Even the professors behind massive online classes aren’t sure they should count for credit

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Are massive open online classes (MOOCs) from the likes of Coursera, Udacity and edX living up to the hype?

Even though many in academia have expressed skepticism, a survey from the Chronicle of Higher Education finds that the professors behind the MOOCs have many positive things to say about the new classes. But, interestingly, these most enthusiastic academics say that while they’re embracing MOOCs, they don’t necessarily believe they should be worth credit from their institutions.

According to the Chronicle, while 79 percent of respondents said they believed that MOOCs are “worth the hype,”  just 28 percent believed that students who succeeded in their MOOC deserve formal credit from their home institution. The survey, which attempted to reach every professor who has ever taught a MOOC, ultimately included responses from 103 professors (out of 184).

The generally positive response to the Chronicle’s survey contrasts with a 2012 survey from the Babson Survey Research Group, which found that just about 30 percent of university chief academic officers believe their faculty accept the value of online learning. The Chronicle acknowledged that the survey isn’t scientific and that the most pro-MOOC academics may have been the ones to reply. But it still provides an interesting window into the developing and nuanced attitudes of the first professors willing to try their hand at the emerging medium of instruction.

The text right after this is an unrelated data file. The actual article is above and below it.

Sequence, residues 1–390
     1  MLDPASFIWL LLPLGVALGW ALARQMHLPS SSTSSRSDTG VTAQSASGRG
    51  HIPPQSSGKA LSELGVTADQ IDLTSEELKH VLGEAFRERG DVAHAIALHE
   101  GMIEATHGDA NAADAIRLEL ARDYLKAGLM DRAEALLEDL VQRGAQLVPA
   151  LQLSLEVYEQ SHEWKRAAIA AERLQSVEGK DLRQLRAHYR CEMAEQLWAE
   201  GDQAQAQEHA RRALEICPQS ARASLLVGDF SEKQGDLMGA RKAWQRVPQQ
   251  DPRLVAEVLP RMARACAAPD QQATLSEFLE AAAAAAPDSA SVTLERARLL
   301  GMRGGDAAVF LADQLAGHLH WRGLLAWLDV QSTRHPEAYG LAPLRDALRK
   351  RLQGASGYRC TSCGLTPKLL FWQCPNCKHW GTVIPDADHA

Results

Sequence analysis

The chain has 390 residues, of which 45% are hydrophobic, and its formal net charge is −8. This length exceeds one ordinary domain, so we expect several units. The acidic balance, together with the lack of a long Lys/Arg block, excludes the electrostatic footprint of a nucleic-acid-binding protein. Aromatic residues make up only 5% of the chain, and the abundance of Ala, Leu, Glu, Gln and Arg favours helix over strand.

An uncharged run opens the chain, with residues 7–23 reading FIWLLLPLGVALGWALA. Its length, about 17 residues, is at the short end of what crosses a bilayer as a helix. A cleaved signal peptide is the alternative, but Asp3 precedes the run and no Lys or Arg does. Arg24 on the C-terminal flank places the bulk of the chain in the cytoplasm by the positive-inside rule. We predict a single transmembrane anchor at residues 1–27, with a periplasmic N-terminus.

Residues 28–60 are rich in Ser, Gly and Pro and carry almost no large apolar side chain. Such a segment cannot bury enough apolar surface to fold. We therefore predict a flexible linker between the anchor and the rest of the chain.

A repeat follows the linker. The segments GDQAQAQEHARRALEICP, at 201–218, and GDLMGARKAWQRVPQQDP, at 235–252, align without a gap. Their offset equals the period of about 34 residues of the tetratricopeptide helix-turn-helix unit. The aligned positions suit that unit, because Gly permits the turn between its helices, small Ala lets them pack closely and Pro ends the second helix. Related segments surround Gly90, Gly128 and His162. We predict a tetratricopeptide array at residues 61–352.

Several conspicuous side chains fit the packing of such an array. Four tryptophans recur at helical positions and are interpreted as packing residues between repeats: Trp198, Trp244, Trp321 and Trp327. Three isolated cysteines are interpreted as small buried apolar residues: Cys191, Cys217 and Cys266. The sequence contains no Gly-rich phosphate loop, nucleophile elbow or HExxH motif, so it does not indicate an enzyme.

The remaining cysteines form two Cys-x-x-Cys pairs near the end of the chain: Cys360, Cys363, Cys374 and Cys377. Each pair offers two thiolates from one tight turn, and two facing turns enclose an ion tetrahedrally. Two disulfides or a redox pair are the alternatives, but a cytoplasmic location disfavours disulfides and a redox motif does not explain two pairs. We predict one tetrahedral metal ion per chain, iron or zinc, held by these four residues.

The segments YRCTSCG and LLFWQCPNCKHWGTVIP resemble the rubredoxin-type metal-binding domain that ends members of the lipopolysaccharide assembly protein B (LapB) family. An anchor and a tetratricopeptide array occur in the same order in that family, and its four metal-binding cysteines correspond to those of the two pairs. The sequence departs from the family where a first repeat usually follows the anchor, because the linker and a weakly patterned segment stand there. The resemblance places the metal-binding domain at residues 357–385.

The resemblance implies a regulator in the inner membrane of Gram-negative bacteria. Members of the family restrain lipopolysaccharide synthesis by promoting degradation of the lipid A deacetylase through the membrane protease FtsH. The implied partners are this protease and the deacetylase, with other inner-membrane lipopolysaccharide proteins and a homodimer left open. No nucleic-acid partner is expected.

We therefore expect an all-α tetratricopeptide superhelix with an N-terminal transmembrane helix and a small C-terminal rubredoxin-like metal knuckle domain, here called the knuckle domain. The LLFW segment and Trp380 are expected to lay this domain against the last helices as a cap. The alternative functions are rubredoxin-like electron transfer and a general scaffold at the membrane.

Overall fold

Another interesting finding was that while 86 percent of professors believed that MOOCs could eventually reduce the cost of attaining a college degree in general (45 percent said it would significantly reduce the cost; 41 percent said it would marginally reduce the cost), just 64 percent MOOCs believed they would reduce the cost of a degree at their own institution. That response likely reflects the caliber of the schools the professors represent (the big MOOC providers have made a point of partnering with Ivy League and other top tier schools) and I wonder if it indicates a belief among these professors that MOOC credits will count the most at lower-tier schools.

You can check out all of the results on the Chronicle’s website but a few other findings of note include:

  • 66 percent of surveyed professors don’t believe their home institution will eventually grant formal credit to students who succeed in their MOOCs
  • 15 percent of respondents said they taught a MOOC at the request of a superior (meaning that these were eager and willing participants)
  • 73 percent said they hoped MOOCs could increase their visibility among colleagues, media and general public
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